Ebola in Mali
The purpose of this alert is to notify travelers that a few Ebola cases have been reported in Bamako, Mali, and to inform them of actions they can take to reduce their risk of getting the disease.
CDC recommends that travelers to Mali protect themselves by avoiding contact with the blood and body fluids of people who are sick, because of the possibility they may be sick with Ebola. Although a cluster of cases has been reported only in Bamako, travelers to all parts of Mali should be alert for reports of possible further spread within the country.
What is the current situation?
As of November 12, 2014, the World Health Organization reported a cluster of Ebola cases in Bamako, Mali (see box for case counts). (An unrelated death from Ebola occurred in Kayes, Mali on October 24, 2014 and no additional cases related to that person have been reported.) The cluster in Bamako is linked to a man who had been in a clinic in Bamako after becoming sick in Guinea. Since that time, a small number of Ebola cases linked to this patient have been reported in Bamako. The Malian government has taken actions to contain further spread. CDC recommends that travelers to Mali protect themselves by avoiding contact with the blood and body fluids of people who are sick and following the other recommendations listed below.
The cases of Ebola in Bamako, Mali, are related to an ongoing Ebola outbreak that has been occurring since March 2014 in Guinea, Liberia, and Sierra Leone and is the largest outbreak of Ebola in history.
For more information about the ongoing outbreak in West Africa, visit 2014 Ebola Outbreak in West Africa on the CDC Ebola website.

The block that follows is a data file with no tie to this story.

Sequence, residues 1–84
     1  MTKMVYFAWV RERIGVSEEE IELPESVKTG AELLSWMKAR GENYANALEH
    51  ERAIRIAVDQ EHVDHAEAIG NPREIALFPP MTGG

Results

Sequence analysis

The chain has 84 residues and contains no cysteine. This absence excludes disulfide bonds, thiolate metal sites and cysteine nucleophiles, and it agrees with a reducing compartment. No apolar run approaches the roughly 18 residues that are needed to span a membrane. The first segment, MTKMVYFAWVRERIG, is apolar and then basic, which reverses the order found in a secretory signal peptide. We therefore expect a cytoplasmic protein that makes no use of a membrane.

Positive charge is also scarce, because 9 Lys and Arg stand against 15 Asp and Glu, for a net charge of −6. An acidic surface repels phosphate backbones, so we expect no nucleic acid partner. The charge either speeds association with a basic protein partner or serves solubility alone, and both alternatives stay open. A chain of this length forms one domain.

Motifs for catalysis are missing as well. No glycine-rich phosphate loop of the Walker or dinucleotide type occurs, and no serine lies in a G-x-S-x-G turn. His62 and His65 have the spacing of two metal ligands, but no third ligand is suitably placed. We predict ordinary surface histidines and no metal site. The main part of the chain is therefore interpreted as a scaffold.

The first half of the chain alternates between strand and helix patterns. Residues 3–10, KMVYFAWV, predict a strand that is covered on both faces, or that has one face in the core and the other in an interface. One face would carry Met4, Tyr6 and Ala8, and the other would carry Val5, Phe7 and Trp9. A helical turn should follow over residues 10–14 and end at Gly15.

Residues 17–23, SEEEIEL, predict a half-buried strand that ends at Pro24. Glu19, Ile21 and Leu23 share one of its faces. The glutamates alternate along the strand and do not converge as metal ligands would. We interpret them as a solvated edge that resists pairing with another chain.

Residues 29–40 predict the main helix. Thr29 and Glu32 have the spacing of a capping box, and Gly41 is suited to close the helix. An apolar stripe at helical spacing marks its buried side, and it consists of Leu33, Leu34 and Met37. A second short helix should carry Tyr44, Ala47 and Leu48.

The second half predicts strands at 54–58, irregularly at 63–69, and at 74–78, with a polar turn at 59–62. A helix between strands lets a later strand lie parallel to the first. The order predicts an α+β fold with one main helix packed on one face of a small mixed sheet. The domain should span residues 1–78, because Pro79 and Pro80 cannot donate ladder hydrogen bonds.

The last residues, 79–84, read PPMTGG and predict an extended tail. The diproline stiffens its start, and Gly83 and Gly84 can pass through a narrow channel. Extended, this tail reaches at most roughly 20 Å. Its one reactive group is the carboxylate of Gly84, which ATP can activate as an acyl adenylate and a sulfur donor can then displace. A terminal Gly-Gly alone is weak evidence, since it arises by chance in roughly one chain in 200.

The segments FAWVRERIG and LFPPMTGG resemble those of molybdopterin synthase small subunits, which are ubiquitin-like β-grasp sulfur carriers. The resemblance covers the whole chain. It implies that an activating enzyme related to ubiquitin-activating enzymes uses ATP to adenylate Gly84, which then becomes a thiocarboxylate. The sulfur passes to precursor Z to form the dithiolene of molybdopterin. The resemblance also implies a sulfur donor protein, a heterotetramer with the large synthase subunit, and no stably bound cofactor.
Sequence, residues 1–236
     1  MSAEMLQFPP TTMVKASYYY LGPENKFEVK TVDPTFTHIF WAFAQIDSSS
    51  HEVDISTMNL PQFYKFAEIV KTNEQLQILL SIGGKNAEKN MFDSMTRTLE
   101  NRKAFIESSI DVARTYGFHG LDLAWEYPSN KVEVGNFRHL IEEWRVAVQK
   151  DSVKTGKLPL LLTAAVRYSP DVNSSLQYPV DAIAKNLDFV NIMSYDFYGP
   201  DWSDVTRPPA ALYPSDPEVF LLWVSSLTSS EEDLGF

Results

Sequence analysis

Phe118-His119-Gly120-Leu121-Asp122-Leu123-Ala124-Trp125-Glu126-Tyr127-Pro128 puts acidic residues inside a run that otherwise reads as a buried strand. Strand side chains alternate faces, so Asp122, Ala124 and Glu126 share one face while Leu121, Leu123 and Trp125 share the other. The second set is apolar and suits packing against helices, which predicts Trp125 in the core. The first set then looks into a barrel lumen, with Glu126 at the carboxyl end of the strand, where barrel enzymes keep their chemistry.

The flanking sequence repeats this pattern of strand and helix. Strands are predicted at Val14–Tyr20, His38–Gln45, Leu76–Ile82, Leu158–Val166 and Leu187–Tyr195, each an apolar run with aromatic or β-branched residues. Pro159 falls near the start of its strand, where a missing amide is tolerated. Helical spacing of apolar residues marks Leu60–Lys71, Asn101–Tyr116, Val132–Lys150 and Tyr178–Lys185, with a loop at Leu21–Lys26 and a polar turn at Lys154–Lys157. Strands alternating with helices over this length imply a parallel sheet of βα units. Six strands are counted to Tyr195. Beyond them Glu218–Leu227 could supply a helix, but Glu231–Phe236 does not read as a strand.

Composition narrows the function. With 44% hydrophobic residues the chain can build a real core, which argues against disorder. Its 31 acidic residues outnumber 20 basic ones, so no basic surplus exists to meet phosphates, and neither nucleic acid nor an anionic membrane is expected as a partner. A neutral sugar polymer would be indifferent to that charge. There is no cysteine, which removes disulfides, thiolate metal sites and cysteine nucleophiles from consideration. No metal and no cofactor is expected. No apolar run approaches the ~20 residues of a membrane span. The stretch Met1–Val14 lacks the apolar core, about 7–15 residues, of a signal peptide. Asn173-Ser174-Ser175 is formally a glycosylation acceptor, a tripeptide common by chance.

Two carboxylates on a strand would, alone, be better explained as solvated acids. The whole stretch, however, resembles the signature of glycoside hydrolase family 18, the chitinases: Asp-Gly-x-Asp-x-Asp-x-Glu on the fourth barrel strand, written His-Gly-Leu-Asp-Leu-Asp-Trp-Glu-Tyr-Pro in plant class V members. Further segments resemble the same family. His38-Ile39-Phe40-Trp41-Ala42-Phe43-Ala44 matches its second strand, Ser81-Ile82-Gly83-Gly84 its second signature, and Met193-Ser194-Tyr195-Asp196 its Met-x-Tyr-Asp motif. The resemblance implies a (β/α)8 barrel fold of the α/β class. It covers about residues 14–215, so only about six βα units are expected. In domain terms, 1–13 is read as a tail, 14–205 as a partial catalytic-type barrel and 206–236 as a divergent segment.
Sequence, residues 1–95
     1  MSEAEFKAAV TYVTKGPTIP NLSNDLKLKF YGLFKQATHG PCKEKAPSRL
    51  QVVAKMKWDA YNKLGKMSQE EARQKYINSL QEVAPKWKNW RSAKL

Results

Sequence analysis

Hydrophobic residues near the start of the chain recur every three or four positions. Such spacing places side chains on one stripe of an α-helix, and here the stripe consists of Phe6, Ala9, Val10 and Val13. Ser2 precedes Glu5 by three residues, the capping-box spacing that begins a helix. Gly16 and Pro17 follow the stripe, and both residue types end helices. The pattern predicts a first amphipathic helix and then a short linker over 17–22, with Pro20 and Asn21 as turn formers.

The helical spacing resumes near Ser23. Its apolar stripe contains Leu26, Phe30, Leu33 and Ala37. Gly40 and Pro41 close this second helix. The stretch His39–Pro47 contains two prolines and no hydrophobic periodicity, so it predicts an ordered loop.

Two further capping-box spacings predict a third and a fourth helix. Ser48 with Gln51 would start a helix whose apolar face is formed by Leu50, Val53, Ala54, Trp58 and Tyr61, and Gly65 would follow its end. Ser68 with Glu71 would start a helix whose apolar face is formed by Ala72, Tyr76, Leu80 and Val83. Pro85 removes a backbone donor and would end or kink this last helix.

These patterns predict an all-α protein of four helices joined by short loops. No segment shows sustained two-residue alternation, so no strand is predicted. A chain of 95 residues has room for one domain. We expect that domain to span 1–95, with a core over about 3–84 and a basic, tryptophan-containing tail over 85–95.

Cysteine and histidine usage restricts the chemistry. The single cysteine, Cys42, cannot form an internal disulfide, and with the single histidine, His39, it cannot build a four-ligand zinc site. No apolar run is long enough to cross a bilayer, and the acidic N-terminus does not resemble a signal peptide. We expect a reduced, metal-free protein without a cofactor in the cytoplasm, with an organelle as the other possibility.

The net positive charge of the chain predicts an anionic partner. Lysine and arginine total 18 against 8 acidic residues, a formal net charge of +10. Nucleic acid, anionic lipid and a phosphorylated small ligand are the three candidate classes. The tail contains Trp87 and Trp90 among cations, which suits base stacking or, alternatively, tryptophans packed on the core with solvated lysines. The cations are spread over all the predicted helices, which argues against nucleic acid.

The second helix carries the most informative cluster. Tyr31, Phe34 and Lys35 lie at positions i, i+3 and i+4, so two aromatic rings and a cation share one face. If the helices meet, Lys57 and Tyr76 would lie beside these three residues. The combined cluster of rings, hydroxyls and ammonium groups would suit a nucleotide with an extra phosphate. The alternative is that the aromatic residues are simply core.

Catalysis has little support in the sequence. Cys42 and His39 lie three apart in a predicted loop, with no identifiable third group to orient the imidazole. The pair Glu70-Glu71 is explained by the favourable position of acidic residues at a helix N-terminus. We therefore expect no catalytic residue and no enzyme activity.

What is Ebola?
Ebola is a rare and deadly disease. The disease is caused by infection with one of the Ebola virus species (Zaire, Sudan, Bundibugyo, or Tai Forest virus). It is spread by direct contact (through broken skin or mucous membranes in, for example, the eyes, nose, or mouth) with
- blood or body fluids (such as urine, saliva, sweat, feces, vomit, breast milk, and semen) of a person who is sick with Ebola,
- objects (like needles and syringes) that have been contaminated with the virus, and
- infected fruit bats or primates (apes and monkeys).
Signs of Ebola include fever and symptoms such as severe headache, fatigue, muscle pain, vomiting, diarrhea, stomach pain, or unexplained bleeding or bruising.
Who is at risk?
Travelers could be infected if they come into contact with blood or body fluids from someone who is sick or has died from Ebola. Healthcare workers and the family and friends in close contact with Ebola patients are at risk of getting sick because they may come in contact with infected blood or body fluids.
People also can become sick with Ebola if they come into contact with infected wildlife or raw or undercooked bushmeat (wild animals hunted for food) from an infected animal.
What can travelers do to prevent Ebola?
There is no approved vaccine or specific treatment for Ebola, and many people who get the disease die. Therefore, it is important to take steps to prevent Ebola.
If you are traveling to Mali, please make sure to do the following:
- Before your trip, review your health insurance plan to determine what medical services it would cover during your trip. Consider purchasing travel health and medical evacuation insurance.
- Practice careful hygiene. For example, wash your hands frequently with soap and water or use an alcohol-based hand sanitizer.
- Avoid contact with blood and body fluids (such as urine, saliva, sweat, feces, vomit, breast milk and semen).
- Do not handle items that may have come in contact with an infected person’s blood or body fluids.